Civil society organizations and grassroots groups are often unable to play an active role in post-conflict reconstruction and peacebuilding. A possible explanation for the observed challenges in peacebuilding is the gap or decoupling between international expectations and norms from practical action, local norms and capacities. External actors are often overly instrumental and operate according to a general template that fails to start from what the local capacities might actually be. This often leads to the decoupling of general values from practical action, which helps account for the observed barriers of engaging local civil and community organizations in reconstruction. We examine the different types of decoupling and the challenges these present. We evaluate our general theoretical argument using evidence based on the experiences of Liberian women’s civil society organizations. Given the compliance of the Liberian government with international norms, we should expect external actors to have an easier task in incorporating civil society and women’s organizations in the post-conflict reconstruction process; yet, the record appears to be the opposite. While we present the ‘tragic’ aspect of this relationship between international norms and local practice, we also suggest opportunities for ‘hybrid’ alternatives.
Civil society (CS) strengthening is central to peacebuilding policies for divided, post-war societies. However, it has been criticized for creating internationalized organizations without local backing, unable to represent citizens’ interests. Based on in-depth empirical research in Bosnia-Herzegovina, this article focuses on the legitimacy of CS organizations (CSOs). It explores why legitimacy for donors rarely accompanies legitimacy for local actors. We hypothesized that whilst donors avoid supporting mono-ethnic organizations, seen as problematic for peacebuilding, ‘ethnicness’ may provide local legitimacy. However, our analysis of CSOs’ ethnicness nuances research characterizing organizations as either inclusive or divisive. Moreover, local legitimacy is not based on ethnicness per se, but CSOs’ ability to skilfully interact with ethnically divided constituencies and political structures. In addition, we offer novel explanations why few organizations enjoy both donor and local legitimacy, including local mistrust of donors’ normative frameworks and perceived lack of results. However, we also show that a combination of local and donor legitimacy is possible, and explore this rare but interesting category of organizations.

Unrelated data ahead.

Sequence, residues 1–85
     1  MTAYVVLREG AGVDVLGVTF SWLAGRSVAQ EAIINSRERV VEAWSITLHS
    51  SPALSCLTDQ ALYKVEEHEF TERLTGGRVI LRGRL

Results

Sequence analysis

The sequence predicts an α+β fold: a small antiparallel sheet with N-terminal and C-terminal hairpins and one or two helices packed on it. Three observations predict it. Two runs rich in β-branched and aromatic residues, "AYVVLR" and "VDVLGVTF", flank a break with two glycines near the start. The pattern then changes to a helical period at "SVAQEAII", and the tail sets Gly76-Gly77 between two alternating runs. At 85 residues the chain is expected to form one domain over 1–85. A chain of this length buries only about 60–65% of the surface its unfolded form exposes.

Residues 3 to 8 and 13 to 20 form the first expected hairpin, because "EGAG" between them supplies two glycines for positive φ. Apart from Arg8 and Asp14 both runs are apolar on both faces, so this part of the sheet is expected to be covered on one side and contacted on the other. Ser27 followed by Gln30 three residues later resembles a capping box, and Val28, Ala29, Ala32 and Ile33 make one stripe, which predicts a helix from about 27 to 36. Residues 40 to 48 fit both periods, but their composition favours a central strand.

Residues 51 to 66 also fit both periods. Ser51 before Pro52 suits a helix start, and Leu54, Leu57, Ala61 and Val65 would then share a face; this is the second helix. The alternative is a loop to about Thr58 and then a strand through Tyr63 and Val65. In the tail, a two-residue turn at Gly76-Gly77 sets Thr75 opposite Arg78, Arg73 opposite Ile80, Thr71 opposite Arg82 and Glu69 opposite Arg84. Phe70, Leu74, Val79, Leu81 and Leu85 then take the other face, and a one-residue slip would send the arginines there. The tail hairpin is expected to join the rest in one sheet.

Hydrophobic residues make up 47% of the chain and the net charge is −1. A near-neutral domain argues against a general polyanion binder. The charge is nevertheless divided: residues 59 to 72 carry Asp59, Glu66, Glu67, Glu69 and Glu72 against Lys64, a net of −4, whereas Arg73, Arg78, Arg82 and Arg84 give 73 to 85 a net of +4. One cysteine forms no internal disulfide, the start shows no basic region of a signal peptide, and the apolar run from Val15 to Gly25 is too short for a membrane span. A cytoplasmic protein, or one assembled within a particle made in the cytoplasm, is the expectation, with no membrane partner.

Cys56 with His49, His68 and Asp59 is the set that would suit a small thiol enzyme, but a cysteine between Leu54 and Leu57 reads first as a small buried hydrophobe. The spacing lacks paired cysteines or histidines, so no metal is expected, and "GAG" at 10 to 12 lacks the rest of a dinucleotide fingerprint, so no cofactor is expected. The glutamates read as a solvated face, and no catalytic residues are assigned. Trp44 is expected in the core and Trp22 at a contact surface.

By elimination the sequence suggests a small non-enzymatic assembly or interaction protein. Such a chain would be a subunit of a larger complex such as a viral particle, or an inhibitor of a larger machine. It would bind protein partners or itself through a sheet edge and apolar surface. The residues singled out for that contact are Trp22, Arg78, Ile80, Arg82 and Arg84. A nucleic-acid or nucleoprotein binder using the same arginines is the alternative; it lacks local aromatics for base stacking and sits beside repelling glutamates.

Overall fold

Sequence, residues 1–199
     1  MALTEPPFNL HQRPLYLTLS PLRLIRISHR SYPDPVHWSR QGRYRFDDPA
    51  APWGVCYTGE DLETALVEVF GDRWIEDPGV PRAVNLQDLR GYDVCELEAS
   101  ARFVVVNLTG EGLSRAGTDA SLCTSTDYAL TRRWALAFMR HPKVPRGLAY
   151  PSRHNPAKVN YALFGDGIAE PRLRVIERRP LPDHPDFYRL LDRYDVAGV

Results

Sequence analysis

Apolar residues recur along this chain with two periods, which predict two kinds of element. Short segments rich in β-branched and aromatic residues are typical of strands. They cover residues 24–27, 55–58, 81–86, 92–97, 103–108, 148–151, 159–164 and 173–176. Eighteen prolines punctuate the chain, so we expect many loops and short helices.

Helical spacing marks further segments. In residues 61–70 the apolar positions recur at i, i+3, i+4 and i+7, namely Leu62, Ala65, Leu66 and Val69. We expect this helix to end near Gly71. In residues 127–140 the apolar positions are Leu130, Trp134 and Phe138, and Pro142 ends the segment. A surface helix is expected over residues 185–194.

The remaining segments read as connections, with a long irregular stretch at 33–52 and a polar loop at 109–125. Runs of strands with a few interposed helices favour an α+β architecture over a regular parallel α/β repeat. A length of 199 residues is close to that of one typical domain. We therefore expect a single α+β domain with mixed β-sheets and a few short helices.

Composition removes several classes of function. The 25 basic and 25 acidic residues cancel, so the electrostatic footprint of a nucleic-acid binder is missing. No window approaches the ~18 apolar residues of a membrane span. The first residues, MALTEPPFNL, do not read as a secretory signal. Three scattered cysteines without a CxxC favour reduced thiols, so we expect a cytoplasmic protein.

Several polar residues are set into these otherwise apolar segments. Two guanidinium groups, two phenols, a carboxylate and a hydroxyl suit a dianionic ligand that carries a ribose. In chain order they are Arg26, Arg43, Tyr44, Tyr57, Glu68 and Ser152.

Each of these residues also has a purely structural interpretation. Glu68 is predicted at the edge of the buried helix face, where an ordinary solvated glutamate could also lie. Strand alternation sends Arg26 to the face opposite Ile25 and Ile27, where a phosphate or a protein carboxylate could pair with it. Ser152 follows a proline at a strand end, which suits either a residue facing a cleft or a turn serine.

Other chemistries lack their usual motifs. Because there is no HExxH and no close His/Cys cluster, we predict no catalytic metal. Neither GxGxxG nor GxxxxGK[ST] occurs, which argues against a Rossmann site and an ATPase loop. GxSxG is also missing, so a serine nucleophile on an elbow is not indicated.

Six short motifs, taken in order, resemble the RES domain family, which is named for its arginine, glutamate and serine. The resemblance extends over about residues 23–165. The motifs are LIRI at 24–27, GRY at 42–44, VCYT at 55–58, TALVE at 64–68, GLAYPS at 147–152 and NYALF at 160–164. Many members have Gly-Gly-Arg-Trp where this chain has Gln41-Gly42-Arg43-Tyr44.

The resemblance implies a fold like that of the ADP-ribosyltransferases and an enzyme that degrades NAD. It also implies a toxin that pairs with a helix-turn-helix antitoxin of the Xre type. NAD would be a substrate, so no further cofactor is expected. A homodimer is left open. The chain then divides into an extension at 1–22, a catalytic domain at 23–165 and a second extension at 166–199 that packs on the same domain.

Recent peacebuilding literature provides a sustained critique of externally designed conflict management processes and promotes instead local mechanisms. Such mechanisms, it is argued, will provide more ownership and agency to local actors and, thus, a more sustainable peace. But while there are many examples of local conflict management institutions, and many discussions of the hybrid outcomes of interaction between the global and local, the literature rarely explores exactly what transpires on the ground when international actors influence the operation of local peace processes; this article provides exactly this insight. The data presented illustrate how local conflict management institutions in rural Sierra Leone are subtly manipulated by actors – both international and local – to maintain and enhance existing relations of power. The article illustrates, therefore, the problems that arise when local conflict management institutions become interlaced with new forms of power and start themselves to serve as sites of contestation and resistance.